Resource Recovery 

The 4th "R" of the 5R pollution prevention hierarchy, resource recovery should only be considered once we have tried to reduce, reuse and recycle.

This practice uses technology in an attempt to recover as much material or energy from the waste stream as possible.

Landfill Gas

Landfill gas is produced from decomposing garbage. This gas is mainly made up of carbon dioxide and methane, which is an energy source. In 2003, a landfill gas-to-electricity plant was built at Hartland Landfill to utilize the methane from landfill gas to produce electricity.

The facility produces close to 1.6 megawatts of green power – enough electricity to supply about 1,600 homes. The current plant is reaching its end of life and will be updated with a new facility that will convert landfill gas to Renewable Natural Gas (RNG) for use in the FortisBC system. Click here to learn more about the gas-to-electricity plant.

Technology Research

Investigating the feasibility of emerging waste management technologies is a key strategy of the region’s new solid waste management plan aimed at reducing the region’s waste per capita rate by more than 30% to 250 kg/year in the next decade.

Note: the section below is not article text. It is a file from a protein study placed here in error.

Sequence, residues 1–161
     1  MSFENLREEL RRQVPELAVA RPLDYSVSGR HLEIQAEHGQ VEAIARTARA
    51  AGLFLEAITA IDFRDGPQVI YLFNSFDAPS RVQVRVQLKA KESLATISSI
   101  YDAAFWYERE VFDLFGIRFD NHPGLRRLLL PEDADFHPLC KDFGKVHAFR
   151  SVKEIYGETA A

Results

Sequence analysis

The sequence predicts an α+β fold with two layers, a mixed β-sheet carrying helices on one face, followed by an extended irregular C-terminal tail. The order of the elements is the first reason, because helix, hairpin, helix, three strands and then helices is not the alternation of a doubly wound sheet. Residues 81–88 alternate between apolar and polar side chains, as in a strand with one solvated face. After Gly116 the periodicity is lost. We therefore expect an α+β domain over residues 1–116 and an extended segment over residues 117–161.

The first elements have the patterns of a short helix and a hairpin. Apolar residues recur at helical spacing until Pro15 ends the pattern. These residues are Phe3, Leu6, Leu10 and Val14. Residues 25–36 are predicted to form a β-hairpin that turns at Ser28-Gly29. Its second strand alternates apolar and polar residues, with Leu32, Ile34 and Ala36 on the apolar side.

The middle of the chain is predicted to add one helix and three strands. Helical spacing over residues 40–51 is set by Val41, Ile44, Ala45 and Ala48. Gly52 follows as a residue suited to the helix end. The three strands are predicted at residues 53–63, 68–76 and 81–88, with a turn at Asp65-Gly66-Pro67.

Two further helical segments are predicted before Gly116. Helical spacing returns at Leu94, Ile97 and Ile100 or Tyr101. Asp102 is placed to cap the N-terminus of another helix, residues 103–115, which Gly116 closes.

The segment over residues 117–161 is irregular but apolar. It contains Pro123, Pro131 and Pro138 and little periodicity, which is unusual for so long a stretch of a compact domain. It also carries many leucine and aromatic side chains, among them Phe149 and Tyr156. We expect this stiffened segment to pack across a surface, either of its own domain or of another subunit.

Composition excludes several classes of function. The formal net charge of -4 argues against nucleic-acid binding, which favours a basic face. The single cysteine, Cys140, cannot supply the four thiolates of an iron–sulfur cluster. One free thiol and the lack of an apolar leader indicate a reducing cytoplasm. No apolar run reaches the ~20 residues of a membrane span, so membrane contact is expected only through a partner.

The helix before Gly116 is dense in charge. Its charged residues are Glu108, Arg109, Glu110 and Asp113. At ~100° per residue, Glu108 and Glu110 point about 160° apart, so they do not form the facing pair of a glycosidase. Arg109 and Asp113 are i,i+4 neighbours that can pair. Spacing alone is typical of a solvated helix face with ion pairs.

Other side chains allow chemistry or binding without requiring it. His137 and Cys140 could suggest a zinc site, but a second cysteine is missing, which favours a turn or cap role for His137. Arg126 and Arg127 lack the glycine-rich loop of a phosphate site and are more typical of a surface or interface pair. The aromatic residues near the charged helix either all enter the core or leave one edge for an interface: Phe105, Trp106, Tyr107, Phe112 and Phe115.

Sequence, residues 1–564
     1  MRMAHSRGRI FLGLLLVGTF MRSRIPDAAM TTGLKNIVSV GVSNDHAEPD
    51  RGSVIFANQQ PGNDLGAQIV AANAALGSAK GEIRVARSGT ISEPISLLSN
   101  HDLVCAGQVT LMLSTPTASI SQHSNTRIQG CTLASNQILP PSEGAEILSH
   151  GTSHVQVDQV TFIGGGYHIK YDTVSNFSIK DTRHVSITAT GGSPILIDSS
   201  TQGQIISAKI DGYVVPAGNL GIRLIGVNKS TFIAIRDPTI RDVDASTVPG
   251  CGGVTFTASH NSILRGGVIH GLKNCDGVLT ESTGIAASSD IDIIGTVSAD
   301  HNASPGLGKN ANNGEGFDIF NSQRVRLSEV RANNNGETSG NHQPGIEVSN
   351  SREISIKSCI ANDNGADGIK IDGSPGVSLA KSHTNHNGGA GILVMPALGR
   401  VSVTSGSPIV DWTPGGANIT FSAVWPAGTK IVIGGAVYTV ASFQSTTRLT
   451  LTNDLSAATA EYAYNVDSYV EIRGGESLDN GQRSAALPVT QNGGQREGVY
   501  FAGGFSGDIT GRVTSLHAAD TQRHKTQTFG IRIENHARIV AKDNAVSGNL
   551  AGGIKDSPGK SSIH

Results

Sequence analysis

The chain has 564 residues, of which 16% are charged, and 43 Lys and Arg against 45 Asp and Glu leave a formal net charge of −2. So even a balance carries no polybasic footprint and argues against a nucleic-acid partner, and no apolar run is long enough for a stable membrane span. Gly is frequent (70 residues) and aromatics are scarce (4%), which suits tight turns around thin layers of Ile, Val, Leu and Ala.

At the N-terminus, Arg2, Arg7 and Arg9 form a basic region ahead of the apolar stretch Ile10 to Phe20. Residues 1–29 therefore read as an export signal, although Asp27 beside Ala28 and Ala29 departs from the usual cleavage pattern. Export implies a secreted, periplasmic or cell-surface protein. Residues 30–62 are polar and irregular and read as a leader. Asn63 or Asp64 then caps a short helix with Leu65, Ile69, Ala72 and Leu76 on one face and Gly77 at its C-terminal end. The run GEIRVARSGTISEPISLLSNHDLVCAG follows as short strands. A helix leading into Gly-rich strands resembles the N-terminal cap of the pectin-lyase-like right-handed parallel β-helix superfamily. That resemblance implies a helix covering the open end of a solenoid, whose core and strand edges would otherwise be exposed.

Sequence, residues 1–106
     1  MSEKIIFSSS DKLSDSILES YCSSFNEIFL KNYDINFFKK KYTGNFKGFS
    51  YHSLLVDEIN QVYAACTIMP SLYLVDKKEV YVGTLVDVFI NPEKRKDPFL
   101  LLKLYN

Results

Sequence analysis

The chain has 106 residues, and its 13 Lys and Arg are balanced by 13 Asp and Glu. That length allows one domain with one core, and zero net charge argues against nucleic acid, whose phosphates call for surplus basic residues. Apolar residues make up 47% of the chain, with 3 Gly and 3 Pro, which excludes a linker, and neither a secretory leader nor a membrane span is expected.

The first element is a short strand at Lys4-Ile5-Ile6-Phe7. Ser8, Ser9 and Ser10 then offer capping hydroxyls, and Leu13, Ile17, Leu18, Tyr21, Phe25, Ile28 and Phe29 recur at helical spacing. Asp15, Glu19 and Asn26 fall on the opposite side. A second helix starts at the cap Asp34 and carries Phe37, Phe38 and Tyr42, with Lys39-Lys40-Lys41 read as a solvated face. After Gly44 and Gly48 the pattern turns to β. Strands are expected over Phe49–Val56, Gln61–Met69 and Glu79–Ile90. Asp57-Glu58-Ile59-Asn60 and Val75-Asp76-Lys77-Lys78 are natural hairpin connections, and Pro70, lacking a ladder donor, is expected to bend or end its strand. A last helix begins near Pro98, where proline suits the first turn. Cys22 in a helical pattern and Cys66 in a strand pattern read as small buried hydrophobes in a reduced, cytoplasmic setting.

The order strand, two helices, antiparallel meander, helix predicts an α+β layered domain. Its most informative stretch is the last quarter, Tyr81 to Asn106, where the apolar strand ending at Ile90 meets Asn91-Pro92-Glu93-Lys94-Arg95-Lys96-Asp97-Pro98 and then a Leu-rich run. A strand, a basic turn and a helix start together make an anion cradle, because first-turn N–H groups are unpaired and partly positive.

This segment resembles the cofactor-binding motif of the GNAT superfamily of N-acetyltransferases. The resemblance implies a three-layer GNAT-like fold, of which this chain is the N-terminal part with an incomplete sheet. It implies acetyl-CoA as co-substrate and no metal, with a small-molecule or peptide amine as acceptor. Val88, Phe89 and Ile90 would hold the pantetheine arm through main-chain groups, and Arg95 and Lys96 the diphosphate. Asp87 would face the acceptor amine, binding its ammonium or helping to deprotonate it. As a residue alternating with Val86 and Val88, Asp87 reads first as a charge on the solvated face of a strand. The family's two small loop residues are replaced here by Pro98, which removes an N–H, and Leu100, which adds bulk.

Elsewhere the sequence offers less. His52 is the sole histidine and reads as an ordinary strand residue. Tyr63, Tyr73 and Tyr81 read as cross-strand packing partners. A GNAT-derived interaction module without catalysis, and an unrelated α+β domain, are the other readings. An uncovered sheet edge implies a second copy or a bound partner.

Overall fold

The CRD Board approved next steps for a pilot program that will evaluate potential thermal resource recovery options for some construction waste materials received at Hartland Landfill. The CRD is working with a technical advisor on developing a material diversion and beneficial use strategy.

Residuals Management

Residuals management is the 5th and final "R" of the 5R pollution prevention hierarchy. This involves safe and effective management of materials that were not diverted through the first four Rs, or materials that cannot be removed such as controlled waste and asbestos waste. In our region this means landfilling at Hartland. Learn more about how landfills work.


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